Small homebuilders have noticed that lenders are more willing to make construction loans as banks clear their portfolios of bad credits left over from the housing bust.
It wasn't long ago that bankers wanted a signed contract by the home buyer before approving a construction loan. Now banks are providing construction financing for speculative houses where a buyer has not been lined up, according to David Crowe, the chief economist at the National Association of Home Builders.
"Banks are providing financing for one or two specs at a time," Crowe says.
Losses on residential construction loans finally came to an end this year as recoveries on construction loans exceeded charge-offs by $11 million in the first quarter, according to Federal Deposit Insurance Corp. loan performance data.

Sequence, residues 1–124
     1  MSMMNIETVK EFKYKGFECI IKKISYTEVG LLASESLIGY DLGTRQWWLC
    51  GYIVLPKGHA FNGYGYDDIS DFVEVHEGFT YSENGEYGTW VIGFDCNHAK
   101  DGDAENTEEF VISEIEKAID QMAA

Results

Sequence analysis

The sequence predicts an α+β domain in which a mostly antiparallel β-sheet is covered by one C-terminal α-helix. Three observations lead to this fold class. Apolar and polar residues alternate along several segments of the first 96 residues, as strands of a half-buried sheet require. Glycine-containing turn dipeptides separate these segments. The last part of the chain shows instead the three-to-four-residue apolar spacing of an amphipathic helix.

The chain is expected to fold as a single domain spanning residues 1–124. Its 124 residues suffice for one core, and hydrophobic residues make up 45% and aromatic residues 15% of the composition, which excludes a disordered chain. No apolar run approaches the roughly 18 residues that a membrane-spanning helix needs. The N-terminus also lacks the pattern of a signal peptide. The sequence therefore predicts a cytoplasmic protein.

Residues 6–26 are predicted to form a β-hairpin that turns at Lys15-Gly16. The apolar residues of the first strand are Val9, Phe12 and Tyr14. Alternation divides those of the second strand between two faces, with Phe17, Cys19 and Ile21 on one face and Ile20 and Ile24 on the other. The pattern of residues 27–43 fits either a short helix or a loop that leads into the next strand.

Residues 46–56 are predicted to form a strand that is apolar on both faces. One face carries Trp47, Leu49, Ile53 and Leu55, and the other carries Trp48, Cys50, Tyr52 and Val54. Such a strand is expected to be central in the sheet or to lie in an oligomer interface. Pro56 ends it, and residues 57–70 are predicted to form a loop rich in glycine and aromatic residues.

In the first quarter of 2008, FDIC-insured depositories held $186.3 billion in one-to-four family residential construction loans on their balance sheets. That has been pared down to $40.7 billion as of the first quarter of 2013. Since then, construction lending has rebounded by 12% to $45.7 billion as of March 31 of this year.
Loans for the acquisition and development of land are still "hard" to get, Crowe says. The shortage of building lots is why the inventory of new homes for sale is "so low."
The "single biggest shortage is labor," Crowe says. Builders have wait for crews before they start construction. "So it is taking longer to build houses," he said.
Crowe's forecast calls for builders to break ground on 704,000 single-family homes this year, up 14% from 2013.
On Tuesday, the Census Bureau reported single-family starts fell 6% in May from the prior month. Single-family starts fell to a 625,000 seasonally adjusted annual rate in May from a 664,000 rate in the prior month. Starts are up just 4.7% from May 2013.